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Alexandra

July Book of the Month: Bel Canto

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I've bought it, but haven't begun it yet. There were a few people who had -- and some lovely comments on the What are you reading? thread. Please continue the discussion here.

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A totally engaging book!

I was glad that it received much love, warm fuzzies, etc. since it's timing could have been disastrous -- it's about a group of terrorists that takes hostage a lavish party for a Japanese businessman featuring an American opera singer as its guest. These terrorists, though, are more hapless than violent and murderous, and the story of how they end up captive, and captivated, with one another is just delightful. The ending totally caught me off guard -- don't you hate when you can spot the ending too soon?! -- and basically took my breath away.

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(This discusses the story of the book so don't read if you want to be surprised.)

What a lovely book. I kept thinking the word "lovely" as I read it, and wondered how I could use such a term when reading about hostages/terrorism. But that's the tone of the book.....the evolution of emotions, the transformation of both hostages and terrorists, the unwitting creation of a world happier than the world from which they were wrenched. Of course the situation was doomed, and the only question was in what form the doom would appear. I could not help but compare the affect the music had on the listeners to the affect some ballets have on me: the disbelief that something can be so beautiful and pure, a desire to dance as well as those whom I watch, the feeling that lights have been turned on and I'm being dazzled; such was the affect both Roxane and Kato had on their audience.

Knowing that the situation had no possible happy ending I was anxious to see how the book ended; but with each new chapter and new character development I found myself happily involved in what was going on in the house rather than seeing it end, as it must.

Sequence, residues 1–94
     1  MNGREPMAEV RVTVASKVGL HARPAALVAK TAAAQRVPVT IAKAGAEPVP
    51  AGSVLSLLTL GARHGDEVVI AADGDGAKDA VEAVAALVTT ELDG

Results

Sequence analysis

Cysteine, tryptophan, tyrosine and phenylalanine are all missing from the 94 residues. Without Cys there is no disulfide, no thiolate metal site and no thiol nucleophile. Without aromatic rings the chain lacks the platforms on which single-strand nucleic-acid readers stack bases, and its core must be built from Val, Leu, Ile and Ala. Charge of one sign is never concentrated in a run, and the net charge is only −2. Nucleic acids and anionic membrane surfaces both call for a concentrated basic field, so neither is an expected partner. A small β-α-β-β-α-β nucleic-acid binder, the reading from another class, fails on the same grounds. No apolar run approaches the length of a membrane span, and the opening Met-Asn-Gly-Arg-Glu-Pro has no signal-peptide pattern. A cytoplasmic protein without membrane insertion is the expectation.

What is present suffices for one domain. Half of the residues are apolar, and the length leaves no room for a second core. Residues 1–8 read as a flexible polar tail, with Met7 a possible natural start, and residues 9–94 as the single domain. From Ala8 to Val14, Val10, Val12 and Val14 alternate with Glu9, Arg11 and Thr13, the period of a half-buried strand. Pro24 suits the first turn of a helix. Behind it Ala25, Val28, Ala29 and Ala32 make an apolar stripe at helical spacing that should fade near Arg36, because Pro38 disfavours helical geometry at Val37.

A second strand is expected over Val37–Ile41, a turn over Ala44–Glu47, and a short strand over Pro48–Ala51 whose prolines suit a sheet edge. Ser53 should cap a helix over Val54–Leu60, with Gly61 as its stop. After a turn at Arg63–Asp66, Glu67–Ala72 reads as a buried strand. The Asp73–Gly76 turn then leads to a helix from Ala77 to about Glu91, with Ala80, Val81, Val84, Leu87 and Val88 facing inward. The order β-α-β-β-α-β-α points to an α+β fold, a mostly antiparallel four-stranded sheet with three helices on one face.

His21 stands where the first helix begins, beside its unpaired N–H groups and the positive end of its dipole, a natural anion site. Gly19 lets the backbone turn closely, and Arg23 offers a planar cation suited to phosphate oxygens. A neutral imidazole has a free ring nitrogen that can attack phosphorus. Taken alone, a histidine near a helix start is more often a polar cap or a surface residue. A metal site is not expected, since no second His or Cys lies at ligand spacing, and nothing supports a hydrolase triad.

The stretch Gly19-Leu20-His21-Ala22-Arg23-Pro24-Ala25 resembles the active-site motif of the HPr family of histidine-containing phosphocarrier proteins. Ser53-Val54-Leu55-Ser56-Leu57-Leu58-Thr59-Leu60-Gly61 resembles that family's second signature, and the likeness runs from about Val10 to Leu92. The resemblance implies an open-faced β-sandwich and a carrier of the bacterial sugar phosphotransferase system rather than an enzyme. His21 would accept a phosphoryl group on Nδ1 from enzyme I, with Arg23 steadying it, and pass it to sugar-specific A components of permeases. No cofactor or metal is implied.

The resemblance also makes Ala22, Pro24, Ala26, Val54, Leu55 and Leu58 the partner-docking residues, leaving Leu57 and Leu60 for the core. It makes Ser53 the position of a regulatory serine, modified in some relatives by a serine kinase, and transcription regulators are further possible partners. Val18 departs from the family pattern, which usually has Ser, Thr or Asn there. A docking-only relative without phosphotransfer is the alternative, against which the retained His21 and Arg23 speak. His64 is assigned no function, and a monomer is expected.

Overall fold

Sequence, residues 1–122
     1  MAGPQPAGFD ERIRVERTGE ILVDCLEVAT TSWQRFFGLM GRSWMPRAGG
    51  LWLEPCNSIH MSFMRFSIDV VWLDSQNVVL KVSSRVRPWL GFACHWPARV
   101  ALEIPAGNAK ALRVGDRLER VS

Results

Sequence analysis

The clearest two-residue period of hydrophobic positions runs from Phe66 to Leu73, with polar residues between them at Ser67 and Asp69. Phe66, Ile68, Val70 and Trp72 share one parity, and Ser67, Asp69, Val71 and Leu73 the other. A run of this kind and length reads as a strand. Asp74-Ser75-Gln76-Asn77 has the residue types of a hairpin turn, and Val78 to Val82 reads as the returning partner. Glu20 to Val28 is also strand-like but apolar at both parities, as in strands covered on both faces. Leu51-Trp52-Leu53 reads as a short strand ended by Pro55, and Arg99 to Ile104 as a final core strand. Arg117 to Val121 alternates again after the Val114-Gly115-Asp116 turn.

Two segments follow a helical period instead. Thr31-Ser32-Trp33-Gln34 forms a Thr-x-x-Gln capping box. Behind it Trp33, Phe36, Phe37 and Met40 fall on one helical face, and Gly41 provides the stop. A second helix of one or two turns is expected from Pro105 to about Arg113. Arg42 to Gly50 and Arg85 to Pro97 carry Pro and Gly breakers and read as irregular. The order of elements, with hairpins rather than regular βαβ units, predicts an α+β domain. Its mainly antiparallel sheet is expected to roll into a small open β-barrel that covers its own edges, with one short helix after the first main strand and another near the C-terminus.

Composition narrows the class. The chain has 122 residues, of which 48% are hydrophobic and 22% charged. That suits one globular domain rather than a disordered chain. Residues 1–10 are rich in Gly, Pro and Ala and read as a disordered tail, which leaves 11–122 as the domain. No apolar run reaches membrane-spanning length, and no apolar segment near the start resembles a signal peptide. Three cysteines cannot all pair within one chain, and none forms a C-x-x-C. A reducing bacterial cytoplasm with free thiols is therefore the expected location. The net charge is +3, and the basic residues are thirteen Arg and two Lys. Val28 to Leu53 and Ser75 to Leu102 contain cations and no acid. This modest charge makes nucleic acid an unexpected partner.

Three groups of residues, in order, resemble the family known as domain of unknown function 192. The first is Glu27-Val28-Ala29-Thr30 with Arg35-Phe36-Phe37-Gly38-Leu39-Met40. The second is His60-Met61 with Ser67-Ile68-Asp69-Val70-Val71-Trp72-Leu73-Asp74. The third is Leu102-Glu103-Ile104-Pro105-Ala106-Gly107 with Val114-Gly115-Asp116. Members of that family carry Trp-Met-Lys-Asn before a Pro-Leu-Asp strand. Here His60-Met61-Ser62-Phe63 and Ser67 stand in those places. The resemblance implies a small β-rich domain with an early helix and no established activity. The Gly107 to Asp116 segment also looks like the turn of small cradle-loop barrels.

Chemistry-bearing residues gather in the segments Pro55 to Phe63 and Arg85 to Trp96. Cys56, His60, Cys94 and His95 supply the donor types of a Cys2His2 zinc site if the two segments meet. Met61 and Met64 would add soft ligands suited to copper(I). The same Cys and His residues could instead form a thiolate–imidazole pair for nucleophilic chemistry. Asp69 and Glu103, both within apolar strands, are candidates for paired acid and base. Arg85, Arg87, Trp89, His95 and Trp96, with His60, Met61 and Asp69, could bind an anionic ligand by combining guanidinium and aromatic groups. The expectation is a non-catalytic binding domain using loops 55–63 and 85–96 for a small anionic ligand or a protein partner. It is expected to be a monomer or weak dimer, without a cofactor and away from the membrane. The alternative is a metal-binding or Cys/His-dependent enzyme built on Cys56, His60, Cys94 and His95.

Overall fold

OK, what do you think really happened to Carmen?

Giannina

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Giannina, you have said so beautifully everything I thought and felt about this book. I can't possibly add anything to your eloquence.

However, I am puzzled by this question:

OK, what do you think really happened to Carmen?

I thought it was quite straightforward??? In the final paragraphs of the story, her fate is both stated and described. Do we have reason to disbelieve what is said? However, I did have to read and reread a few times before I understood what happened to Mr. Hosukawa.

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Treefrog, I'm still not sure. Mr. Hosokawa stepped in front of Carmen in the kitchen when the shot was fired. I thought the shot hit both of them. But in the "epilogue" it states that the body of only one woman was found, presumedly Beatriz. Then if you go back and re-read about the death of Mr. Hosokawa it states that Carmen's head was to the left of Mr. Hosokawa's; does that imply that Carmen couldn't have been hit? Do I not understand correctly that Mr. Hosokaw was hit?

Giannina

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I've finally reunited with my copy of the book. Now I can continue the conversation.

In the epilogue, Gen and Thibault lament how the newspapers got it all wrong. Gen says "Everything I've read says there were fifty-nine men and one woman" -- presumably Roxane -- but "Carmen and Beatriz are never mentioned." Thibault agreed, saying that in France there had been no mention of the girls either.

So, I don't think the papers were talking about who lived or died. The count must have been the total number of inhabitants of the house. Thirty-nine male hostages, one female hostage, and twenty kidnappers -- all presumed to be male.

That's the way I read it, anyway.

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I can finally add my voice to this discussion as I finished this book last night. Giannina, your words do say it best. I found the book to have been so captivating (I really didn't intend the pun, honest!) that it was almost as if I were under the spell of Roxanne's voice myself.

I never wanted the book to end and dreaded it for many reasons. Like you, Giannina, I knew there was no way it could have ended well for the terrorists but I was desperately hoping to be surprised. My pulse quickened in the final pages before the hostages were freed. Knowing there'd be a bloodbath, I started reading more and more slowly to keep myself from arriving at that inevitability.

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